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(The New York Times)   Finally, with student debt topping $1 trillion, college presidents are waking up and recognizing that they might have to handle education costs through methods other than tuition increases. Maybe think about following a budget and things   (nytimes.com) divider line 405
    More: Obvious, student debt, establishments, tuition increases, sports memorabilia, Gordon Gee, tuition, higher educations, academic disciplines  
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8762 clicks; posted to Main » on 14 May 2012 at 5:21 PM (2 years ago)   |  Favorite    |   share:  Share on Twitter share via Email Share on Facebook   more»



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2012-05-15 12:27:16 AM

wademh: thecpt: wademh: thecpt: wademh: thecpt: wademh: thecpt:
No, there isn't a logical break in there. Read it again. Find the thread. It isn't that hard.

(a)Stating what is, (b) is not stating what ought to be.
(a)Describing reality (b) is not advocating for that reality.
(a)The strong may tend to dominate the weak but (b) that doesn't mean we need to encourage to even tolerate that.

thats not my problem with it. Strong in what sense? Dominating in what sense? Thats the problem. Yes they are the same shape in logical statements and thats fine, my problem is what you are trying to associate as strengths. Kind of like virtuous morals in philosophy, what one describes as strength might be what the other describes as weakness.

You claimed there was a logical break between the first two and the third. Now you are back to asserting ambiguity. The link in logical flow is the contextual guide to th ...

the break I was getting at is that there was no transference of meaning from the first two sentences to the strength and weaknesses portion in the third. That was the meaning I was looking for. And survival of the fittest still doesn't cut it. In your case you probably think that being naturally gifted is the strength whereas I believe that independent hard work is the strength. See how animals survive and are the fittest with both of those? I'm trying to figure out which one you meant.

/also quit trying to pretend your above everyone. I don't mean that as a cut, but if you talk like this with friends then you probably don't have many.

You take the long way home. And even with your unnecessarily specific interpretation(s) of strength and weakness, you leap back into the notion of advocacy despite the context. You're a hard worker all right, but you're working hard at inventing a problem where there doesn't have to be one. And I'm not pretending anything, nor claiming to be __above__ anyone. I never claimed to be the master of logic. Talking about logic was about the words written and being read, not about me. There's no need for you to make it about me.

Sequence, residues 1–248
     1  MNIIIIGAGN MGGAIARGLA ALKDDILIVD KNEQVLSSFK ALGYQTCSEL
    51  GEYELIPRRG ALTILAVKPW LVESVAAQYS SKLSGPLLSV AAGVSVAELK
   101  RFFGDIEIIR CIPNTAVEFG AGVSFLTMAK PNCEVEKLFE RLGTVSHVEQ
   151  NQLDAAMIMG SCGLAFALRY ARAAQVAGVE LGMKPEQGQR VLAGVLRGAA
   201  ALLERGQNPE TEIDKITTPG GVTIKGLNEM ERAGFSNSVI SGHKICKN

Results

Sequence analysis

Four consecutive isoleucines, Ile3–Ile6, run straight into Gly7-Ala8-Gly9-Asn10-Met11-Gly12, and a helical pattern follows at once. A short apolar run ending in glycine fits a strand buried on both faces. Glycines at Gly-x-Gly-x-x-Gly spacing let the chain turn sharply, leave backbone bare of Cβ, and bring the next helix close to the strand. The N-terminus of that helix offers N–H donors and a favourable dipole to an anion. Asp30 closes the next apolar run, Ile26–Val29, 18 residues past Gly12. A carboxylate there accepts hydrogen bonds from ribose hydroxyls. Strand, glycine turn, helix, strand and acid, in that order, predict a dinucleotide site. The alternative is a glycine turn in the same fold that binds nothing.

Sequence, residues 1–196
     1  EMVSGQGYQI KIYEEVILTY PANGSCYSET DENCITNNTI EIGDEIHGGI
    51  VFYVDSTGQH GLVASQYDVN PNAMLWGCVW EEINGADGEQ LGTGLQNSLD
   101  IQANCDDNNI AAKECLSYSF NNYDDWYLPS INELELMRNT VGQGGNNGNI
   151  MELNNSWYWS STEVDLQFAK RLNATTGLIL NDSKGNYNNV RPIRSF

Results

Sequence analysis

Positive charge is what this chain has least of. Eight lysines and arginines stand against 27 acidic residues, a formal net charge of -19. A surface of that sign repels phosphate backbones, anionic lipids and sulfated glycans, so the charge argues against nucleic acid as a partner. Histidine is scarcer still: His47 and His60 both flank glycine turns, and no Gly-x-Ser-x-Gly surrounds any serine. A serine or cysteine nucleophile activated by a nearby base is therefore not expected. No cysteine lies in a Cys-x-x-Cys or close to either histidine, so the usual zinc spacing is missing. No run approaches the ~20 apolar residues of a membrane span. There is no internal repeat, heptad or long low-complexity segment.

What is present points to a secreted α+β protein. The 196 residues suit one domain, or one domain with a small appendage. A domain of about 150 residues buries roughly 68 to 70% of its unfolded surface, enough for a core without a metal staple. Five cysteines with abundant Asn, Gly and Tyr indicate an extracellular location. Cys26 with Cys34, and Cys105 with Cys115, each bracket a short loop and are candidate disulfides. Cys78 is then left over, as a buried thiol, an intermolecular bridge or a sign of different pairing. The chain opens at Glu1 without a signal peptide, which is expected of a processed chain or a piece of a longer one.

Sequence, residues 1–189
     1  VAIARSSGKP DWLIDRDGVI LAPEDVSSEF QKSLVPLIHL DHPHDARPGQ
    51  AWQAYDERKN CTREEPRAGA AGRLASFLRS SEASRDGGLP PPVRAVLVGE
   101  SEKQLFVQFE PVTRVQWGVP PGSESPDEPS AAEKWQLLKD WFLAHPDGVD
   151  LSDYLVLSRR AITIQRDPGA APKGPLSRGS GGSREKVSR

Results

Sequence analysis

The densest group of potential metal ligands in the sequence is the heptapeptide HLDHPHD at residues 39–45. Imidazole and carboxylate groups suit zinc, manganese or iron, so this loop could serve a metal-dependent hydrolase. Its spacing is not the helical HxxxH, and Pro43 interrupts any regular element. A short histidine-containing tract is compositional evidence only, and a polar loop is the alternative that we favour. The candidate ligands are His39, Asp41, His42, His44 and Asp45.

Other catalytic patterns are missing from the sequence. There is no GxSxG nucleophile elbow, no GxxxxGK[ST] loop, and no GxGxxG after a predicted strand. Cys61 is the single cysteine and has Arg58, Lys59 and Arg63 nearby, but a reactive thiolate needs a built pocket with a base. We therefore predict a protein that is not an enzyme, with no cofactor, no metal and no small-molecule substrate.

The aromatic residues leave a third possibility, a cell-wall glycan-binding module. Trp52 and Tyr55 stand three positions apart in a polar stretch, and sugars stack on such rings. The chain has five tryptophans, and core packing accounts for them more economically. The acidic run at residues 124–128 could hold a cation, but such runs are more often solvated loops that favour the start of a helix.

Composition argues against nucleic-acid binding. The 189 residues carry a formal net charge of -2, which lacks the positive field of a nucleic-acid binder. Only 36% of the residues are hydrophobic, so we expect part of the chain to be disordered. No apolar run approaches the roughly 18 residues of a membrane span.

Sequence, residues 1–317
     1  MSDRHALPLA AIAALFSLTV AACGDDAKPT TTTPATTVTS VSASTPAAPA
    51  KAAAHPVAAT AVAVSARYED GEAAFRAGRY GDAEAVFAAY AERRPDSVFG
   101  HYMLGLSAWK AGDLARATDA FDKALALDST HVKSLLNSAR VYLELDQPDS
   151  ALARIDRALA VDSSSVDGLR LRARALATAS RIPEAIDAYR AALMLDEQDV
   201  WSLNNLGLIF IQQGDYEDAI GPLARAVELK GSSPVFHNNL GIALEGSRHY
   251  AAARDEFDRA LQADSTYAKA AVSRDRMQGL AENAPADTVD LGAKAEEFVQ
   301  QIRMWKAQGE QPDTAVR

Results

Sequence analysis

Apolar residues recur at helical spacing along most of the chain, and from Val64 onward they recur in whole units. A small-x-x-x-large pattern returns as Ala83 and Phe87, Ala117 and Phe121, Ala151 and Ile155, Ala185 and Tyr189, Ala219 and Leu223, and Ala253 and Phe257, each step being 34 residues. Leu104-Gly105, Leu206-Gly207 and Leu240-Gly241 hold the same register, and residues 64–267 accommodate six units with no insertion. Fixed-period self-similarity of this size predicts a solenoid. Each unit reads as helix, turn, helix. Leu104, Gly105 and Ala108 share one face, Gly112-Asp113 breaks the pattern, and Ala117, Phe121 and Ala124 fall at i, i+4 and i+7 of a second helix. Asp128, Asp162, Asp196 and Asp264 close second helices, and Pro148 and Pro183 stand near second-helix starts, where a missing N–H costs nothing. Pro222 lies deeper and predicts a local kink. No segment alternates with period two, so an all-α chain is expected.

You claimed you had verbal skills. That's where you made it about you. And the problem started at the very beginning. That's not the long way, that was you going off on a tangent about how great you supposedly are at logical arguments. You're just great at ignoring how poor your communication skills are. I found the point was seeing what you meant as strength. Can you get to that?
 
2012-05-15 12:36:30 AM

Aloy: Donnchadha: jehovahs witness protection: YOU MEAN THAT POOR PROFESSOR BUSTING HIS ASS FOR A MERE $2 MILLION A YEAR MIGHT NOT GET A RAISE?

Hahaha!! Oh, wow!!

Oh, thank you. I needed that laugh. $2 million? That's great. Funny stuff.

This. I happened to stumble onto how much two of my favorite professors make - they're at a community college, both have PhD's, and are the front line for a wide variety of students to obtain further education and a future...and they make 34k a year.

WTF.


WTF indeed. The clothing buyer at the Colorado State University bookstore makes $60K a year and the bookstore manager at Kennesaw (GA) State made $90K. That doesn't include the non-salaried perks, such as vacation. Before this goes into a college bookstore ripping off threadjack, there are plenty of staff on many campuses that make a hell of a lot more than $34K/year. It sounds to me like these favorite professors are in jobs they must love, because they are surely not doing it for the money. If they work 40 hour weeks they are paid $16/hour. I take it their PhDs (why do people put an apostrophe on things like this? Or CDs? Are they possessive or plural?) are not in economics or personal finance.
 
2012-05-15 12:39:31 AM

thecpt: You claimed you had verbal skills. That's where you made it about you. And the problem started at the very beginning. That's not the long way, that was you going off on a tangent about how great you supposedly are at logical arguments. You're just great at ignoring how poor your communication skills are. I found the point was seeing what you meant as strength. Can you get to that?


I didn't open up a claim about having verbal skills. Perhaps you've confused me with someone else. Somebody else complimented by language skills and all I said was they came after analytical skills. I never claimed I was great at logical arguments. I did claim some things are a simple matter of logic. Hopefully you'll observe the distinction. And while communication is a two way street, that doesn't mean one person can screw it up by themselves. The more you explain how you interpreted some rather straight-forward words, the less responsibility I feel for any miscommunication. For in the end, even with your especially idiosyncratic specific interpretation of strength, there's no legitimate way for you to claim, as you did, that I was advocating against anybody working hard. It's just a deep pile of illogical additions on your part. I can't be responsible for faults in communication that are due to your adding multiple things I didn't write.